In a series of blog posts we will focus on some of the best practices we use within Merapar to evolve our DevOps practices we have built around the AWS platform. Why? Because we think it’s fun to share knowledge and to learn from others in the industry!
In this blog post we focus on how we increase our (developers) cost awareness of the ongoing spend we have in our development AWS accounts.
It might be a stigma, but we developers are lazy by nature and not very interested in accounts and budgets. Actually this is something which Merapar promotes, don’t do repetitive tasks yourself but automate them wherever possible. We don’t look that often at the AWS spend we have in the multiple AWS accounts, and sometimes we overspend because we forget to delete a (set of) resource(s) which will cost the company unnecessary money.
To have this information pushed, we have created an automated service which sends a weekly spending report to a shared slack channel. Developers and budget owners are members of this channel to ensure complete visibility across the organisation and creating a culture where necessary action can be taken on a regular basis.
This is not a replacement for setting budget alarms in the AWS Budgets service, but rather provides additional insight in the spending in a frictionless way, even when the forecast budget is not reached.
Naturally we choose to run this service as a weekly task using AWS Lambda. In our AWS organisation where we use consolidated billing we don’t want to run this AWS Lambda in the root account. To comply with the best practices we have an AWS account for “internal services”. We run the AWS Lambda in this account and provide access to the billing information via cross account access.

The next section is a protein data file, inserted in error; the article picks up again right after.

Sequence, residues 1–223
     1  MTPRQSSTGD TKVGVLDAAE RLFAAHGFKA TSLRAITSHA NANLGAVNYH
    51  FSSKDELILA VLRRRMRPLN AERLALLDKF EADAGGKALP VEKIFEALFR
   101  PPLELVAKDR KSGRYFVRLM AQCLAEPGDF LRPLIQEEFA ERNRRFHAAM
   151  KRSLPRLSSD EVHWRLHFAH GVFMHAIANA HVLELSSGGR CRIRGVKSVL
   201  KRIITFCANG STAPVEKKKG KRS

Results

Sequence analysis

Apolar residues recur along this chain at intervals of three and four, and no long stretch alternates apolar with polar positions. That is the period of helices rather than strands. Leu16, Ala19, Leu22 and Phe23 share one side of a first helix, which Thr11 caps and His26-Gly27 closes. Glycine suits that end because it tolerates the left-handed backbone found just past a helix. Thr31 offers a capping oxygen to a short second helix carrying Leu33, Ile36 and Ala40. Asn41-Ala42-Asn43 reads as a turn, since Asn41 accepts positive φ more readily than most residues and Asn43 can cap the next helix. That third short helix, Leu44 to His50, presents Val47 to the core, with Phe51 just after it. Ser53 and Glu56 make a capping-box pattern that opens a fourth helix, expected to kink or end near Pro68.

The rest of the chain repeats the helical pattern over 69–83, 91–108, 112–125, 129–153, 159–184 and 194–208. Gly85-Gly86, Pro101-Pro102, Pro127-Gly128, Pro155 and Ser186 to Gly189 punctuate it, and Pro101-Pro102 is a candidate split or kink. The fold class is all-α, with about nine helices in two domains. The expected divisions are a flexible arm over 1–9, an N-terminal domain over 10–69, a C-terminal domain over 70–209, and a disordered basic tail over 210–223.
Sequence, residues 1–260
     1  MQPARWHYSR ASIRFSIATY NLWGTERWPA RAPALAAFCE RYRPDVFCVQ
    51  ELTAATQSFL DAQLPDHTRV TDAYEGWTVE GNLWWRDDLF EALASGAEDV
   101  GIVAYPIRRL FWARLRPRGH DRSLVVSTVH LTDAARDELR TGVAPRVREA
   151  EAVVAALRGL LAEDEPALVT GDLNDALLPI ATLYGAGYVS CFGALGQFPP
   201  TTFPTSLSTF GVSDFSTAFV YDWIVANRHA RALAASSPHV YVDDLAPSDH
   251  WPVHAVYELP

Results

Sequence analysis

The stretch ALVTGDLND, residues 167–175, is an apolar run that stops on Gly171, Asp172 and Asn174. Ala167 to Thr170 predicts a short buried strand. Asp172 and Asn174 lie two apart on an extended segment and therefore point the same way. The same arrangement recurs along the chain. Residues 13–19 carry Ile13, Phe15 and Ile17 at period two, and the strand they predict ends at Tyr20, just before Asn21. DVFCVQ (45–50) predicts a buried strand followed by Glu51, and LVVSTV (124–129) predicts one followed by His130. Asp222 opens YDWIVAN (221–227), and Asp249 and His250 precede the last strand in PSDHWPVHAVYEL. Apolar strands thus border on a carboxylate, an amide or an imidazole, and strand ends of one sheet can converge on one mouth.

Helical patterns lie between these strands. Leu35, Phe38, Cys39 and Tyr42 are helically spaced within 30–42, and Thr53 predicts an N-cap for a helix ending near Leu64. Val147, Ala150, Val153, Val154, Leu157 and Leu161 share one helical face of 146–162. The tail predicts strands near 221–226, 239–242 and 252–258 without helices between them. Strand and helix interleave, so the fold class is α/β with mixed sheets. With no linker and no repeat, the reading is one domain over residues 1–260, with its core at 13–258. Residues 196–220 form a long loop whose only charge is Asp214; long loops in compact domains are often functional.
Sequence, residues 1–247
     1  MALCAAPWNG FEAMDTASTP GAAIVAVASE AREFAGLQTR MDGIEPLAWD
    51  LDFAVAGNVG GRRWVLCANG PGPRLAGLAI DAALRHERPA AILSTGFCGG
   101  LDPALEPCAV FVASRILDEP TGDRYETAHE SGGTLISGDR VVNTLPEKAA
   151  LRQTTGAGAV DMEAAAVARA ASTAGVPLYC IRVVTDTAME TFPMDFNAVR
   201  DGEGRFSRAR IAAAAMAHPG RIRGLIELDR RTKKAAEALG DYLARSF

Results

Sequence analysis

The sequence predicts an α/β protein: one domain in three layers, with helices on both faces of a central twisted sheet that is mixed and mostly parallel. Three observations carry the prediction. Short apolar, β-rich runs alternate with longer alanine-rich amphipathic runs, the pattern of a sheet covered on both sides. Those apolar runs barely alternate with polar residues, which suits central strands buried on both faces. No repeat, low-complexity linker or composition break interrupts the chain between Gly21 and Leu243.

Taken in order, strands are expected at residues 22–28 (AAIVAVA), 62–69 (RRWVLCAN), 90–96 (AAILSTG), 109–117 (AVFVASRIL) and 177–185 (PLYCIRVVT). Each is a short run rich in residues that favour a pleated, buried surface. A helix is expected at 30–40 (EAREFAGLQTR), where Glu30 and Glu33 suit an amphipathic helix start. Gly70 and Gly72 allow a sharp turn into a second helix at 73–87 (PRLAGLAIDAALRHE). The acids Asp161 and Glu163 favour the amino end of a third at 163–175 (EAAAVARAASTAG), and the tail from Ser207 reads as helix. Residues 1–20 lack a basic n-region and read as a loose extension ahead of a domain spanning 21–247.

The high level solution is depicted on the following diagram:
In the AWS Lambda, which is triggered by a CloudWatch event, we execute the following functionality:
- Setup a client to retrieve the AWS accounts in the AWS organisation.
- Get a list of all accounts (we need this later to map account IDs to account names).
- Setup a client to the AWS cost explorer.
- Ask the AWS cost explorer for all costs (while we exclude refunds, so we have the actual costs).
- Sort the accounts depending on the costs made, and log the result to slack. With the list of accounts we can map account IDs to account names to make the result easy to understand.
The following gist shows the code, this code accepts the following environment variables to configure :
- BILLING_ACCOUNT_ROLE : The role to assume to get right to AWS Organisation and AWS Costs Explorer in the root account
- SLACK_TOKEN : Token used to authenticate on slack
- SLACK_CHANNEL : The channel to post the messages to
Note that you only need a single service per AWS organisation, if you managed multiple AWS organisations you must deploy the service for each.